1. There is no limit or minimum to the word count of an individual blog post. Part of this journey and project is to enable myself to write one blog post every day here on this blog, which means altering the definition of a blog post to make that happen. After all, Seth Godin blogs every day, and some days he might not even write more than 100 words. But, he write every day and each of his posts are very poignant and worthwhile.
  2. There will be a daily word quota, which is set at 1,667 words per day. This daily quota ensures that I write 50,000 words per month. Why do I want to write 50,000 words per month? Because 50,000 words is enough for one novel, and it would be cool to write the equivalent of one novel each month. I also want to do this because I can.
  3. The 1,667-word count is not exclusive to the words on this blog, meaning that I can meet the quota by writing for other sites (including LinkedIn with their new publishing tool), by doing client work, or by other writing other materials that will be posted online (eBooks, white papers, email newsletters etc). My quota cannot include social media updates, updates written for, journal entries for my business coaching, journal entries in my journal, or any handwritten work that has no intention of being published online or in-print.
  4. All words and blog posts must be original. No republished work will be counted toward the daily word count or toward the daily blog post. No previously unpublished works, which weren't written on that day, can count toward the quota.
  5. All other rules that were outlined for the old blogging challenge still apply.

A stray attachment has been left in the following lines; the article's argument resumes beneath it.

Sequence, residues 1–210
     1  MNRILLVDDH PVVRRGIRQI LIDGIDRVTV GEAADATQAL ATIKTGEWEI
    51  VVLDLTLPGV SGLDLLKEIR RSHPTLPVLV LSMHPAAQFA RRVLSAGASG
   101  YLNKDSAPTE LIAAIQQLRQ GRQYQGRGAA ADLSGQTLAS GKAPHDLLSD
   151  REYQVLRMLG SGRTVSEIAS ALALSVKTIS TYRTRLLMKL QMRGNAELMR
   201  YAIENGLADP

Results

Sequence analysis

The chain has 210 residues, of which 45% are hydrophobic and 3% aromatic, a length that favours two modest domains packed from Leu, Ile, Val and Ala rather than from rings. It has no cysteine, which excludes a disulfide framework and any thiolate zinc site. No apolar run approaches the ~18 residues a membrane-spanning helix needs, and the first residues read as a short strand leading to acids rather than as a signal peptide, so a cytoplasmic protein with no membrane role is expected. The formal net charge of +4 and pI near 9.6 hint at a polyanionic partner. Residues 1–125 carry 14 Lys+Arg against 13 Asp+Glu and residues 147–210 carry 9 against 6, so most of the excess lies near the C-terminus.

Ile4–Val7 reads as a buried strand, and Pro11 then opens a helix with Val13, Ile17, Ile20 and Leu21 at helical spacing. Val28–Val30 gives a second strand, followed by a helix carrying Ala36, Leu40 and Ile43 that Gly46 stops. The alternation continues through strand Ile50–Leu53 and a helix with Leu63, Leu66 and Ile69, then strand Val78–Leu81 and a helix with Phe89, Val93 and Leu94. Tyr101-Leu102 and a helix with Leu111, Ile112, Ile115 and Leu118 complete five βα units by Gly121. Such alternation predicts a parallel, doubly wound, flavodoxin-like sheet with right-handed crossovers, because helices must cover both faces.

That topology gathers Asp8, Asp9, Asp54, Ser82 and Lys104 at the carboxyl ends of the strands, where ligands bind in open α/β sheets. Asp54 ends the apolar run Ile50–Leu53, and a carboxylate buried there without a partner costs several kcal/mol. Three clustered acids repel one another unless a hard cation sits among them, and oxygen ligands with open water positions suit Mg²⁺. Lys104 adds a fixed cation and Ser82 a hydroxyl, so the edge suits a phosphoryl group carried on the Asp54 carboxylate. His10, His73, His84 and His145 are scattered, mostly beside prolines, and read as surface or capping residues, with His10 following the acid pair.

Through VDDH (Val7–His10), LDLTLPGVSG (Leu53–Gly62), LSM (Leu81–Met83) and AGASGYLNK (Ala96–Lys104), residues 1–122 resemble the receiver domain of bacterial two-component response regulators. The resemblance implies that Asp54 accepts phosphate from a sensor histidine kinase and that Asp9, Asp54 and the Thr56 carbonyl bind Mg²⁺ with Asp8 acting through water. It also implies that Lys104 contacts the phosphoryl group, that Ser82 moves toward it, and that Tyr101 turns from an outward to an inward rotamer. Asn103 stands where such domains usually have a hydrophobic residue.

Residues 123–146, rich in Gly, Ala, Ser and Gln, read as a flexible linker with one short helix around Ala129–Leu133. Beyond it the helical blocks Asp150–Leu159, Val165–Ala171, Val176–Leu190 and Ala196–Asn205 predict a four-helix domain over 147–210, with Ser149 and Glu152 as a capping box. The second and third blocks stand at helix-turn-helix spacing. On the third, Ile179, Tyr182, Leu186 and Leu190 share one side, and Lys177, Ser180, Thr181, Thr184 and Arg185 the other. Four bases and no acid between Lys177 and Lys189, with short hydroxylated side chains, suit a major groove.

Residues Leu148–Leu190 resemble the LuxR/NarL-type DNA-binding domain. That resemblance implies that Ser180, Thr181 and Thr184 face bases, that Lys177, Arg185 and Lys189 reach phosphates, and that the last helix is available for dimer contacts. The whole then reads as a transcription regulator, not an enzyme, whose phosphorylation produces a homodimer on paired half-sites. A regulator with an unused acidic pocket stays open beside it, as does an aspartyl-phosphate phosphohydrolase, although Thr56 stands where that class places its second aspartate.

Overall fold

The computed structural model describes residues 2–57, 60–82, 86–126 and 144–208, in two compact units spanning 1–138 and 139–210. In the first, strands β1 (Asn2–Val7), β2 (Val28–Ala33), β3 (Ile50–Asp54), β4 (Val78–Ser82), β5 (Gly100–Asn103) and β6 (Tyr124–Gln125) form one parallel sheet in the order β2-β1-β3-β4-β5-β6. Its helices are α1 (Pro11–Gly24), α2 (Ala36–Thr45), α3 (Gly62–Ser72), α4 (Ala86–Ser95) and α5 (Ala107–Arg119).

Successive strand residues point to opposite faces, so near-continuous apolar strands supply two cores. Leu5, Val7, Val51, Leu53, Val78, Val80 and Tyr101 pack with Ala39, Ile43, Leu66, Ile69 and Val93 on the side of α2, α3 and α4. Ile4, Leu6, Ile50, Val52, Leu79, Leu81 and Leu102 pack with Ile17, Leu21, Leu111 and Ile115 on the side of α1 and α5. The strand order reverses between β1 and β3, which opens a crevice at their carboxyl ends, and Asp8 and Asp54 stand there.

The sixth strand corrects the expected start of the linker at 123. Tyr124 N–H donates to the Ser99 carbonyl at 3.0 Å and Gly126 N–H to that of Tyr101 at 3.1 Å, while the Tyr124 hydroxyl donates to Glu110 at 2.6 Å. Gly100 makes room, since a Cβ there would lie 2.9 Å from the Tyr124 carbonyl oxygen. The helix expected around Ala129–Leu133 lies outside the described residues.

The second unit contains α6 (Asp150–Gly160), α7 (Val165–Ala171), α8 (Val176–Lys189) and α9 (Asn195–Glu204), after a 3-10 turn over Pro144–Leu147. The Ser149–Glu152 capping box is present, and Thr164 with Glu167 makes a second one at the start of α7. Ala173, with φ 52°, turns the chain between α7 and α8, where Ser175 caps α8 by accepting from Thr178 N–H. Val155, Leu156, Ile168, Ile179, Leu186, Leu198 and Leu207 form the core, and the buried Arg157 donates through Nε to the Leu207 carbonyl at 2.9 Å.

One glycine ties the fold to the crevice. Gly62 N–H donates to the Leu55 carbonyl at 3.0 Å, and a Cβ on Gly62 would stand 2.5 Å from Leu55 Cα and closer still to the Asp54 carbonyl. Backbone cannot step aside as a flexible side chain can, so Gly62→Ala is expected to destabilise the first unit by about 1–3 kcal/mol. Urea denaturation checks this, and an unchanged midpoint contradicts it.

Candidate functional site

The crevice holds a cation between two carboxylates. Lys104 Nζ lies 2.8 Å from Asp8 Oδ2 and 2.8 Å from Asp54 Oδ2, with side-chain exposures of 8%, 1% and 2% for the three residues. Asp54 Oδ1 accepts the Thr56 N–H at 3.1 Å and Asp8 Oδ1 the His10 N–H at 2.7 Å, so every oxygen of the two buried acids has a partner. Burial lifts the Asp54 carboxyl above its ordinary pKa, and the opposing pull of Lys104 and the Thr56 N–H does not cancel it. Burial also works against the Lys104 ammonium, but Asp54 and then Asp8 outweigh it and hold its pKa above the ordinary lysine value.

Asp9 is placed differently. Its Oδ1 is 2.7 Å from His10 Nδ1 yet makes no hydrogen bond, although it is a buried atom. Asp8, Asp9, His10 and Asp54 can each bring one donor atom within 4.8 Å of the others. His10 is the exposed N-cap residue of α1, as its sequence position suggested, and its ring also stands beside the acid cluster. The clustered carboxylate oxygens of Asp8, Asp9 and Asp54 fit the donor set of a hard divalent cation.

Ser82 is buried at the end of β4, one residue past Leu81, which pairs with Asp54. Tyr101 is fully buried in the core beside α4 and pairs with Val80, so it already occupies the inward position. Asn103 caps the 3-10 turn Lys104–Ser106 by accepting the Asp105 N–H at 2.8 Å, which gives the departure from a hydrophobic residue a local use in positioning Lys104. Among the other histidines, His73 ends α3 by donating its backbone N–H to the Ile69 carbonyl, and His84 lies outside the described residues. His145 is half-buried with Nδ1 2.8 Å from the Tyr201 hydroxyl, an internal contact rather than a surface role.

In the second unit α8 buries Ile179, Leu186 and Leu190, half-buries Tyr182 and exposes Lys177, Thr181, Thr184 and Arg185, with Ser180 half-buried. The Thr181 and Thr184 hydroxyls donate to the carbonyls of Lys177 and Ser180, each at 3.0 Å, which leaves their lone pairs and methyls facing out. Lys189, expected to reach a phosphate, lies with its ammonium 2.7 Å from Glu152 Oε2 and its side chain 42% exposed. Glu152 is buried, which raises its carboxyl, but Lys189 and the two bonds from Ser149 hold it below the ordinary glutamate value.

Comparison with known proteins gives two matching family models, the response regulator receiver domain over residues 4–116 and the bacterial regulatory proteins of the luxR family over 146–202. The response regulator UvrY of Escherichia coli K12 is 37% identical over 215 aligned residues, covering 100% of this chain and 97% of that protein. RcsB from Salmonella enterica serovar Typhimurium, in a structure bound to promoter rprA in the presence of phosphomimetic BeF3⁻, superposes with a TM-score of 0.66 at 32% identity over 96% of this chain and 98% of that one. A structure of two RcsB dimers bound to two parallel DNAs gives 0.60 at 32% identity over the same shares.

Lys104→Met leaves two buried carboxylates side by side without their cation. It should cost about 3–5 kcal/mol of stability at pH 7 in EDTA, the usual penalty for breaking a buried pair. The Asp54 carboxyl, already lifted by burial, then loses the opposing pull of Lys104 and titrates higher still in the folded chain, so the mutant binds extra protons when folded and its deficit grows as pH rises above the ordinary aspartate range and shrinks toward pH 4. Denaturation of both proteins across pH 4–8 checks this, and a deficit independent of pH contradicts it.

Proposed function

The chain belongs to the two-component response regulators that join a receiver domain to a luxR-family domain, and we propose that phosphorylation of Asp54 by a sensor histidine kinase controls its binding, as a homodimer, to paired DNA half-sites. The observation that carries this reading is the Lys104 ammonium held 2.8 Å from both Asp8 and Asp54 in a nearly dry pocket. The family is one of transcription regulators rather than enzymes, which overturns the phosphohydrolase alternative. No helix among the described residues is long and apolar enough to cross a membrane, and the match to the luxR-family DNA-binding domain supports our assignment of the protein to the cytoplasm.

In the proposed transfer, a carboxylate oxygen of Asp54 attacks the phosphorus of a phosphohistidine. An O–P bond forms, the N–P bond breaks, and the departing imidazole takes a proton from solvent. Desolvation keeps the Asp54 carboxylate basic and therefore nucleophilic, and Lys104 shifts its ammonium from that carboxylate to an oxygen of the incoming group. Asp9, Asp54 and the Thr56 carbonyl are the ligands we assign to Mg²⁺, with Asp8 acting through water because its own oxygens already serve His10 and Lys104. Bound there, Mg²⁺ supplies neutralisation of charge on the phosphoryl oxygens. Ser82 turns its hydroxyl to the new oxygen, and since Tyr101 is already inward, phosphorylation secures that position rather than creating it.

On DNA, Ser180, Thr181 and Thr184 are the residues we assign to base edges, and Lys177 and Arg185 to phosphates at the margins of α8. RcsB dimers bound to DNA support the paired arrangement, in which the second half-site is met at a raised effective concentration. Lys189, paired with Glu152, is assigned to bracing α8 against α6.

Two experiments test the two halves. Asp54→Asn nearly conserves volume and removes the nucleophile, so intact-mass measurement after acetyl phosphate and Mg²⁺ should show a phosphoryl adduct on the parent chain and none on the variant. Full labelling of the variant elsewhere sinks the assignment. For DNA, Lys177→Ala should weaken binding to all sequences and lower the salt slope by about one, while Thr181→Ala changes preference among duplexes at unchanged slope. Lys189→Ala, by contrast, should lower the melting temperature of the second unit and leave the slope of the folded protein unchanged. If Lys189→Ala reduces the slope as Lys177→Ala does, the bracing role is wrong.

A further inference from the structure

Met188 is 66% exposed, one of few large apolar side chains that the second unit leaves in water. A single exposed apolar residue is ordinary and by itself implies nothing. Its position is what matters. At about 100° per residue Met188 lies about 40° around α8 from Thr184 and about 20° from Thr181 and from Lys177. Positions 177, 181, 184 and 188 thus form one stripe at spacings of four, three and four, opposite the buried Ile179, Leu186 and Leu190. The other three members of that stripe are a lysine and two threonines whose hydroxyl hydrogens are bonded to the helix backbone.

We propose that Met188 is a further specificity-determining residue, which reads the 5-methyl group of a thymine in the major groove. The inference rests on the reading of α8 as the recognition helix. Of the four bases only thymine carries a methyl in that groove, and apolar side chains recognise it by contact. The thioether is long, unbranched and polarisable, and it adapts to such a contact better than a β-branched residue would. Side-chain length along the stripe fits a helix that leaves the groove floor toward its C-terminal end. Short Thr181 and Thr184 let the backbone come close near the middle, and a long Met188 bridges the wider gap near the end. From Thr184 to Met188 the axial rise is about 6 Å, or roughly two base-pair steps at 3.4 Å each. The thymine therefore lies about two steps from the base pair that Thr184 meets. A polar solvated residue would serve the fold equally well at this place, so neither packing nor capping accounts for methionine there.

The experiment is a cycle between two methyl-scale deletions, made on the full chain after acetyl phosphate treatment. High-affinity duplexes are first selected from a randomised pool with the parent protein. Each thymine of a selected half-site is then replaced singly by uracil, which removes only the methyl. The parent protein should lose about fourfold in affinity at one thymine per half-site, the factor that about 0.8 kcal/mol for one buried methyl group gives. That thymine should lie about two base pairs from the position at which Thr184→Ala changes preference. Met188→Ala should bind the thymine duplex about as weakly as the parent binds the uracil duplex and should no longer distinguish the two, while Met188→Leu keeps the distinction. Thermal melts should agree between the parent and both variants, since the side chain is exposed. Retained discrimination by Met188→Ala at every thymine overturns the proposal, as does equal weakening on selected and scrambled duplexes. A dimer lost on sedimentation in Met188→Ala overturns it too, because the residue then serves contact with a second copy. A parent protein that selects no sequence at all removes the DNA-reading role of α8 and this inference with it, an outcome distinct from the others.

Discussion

The streak has officially started! Where will this streak take me?

The Rules and Goals of the Blogging Case Study, Part 2

blogging case studyI know I've already outlined the rules and goals of the blogging case study, but I've come up with a few more since writing that post that I'd like to add to the list. Don't want to leave anything out, or risk being called out for something that others might consider a blogging best practice, or something that wasn't mentioned. Here are a few more rules to the study:

A Great Blog Post Headline

Every blog post needs to have a great headline, one that is clear and concise and not vague. The point of a headline is to draw people into reading the article, since it is often times the one and only thing people will read. Of course, we will still abide by the rule of not focusing on SEO. A great blog post headline doesn't need to have a keyword in it or be search engine friendly. It's also kind of hard to do this when you don't have any specific keywords that you are trying to rank for in the first place.

Writing Posts in Advance

This is okay, and something that I will probably do this weekend and will probably do every weekend from here on out. Why not? I do it for the business blogs that I manage. Besides, there will always be a few days where I might have four great ideas for blog posts, so why not write about all four and then publish them on days like yesterday when I need something badly and I am out of ideas.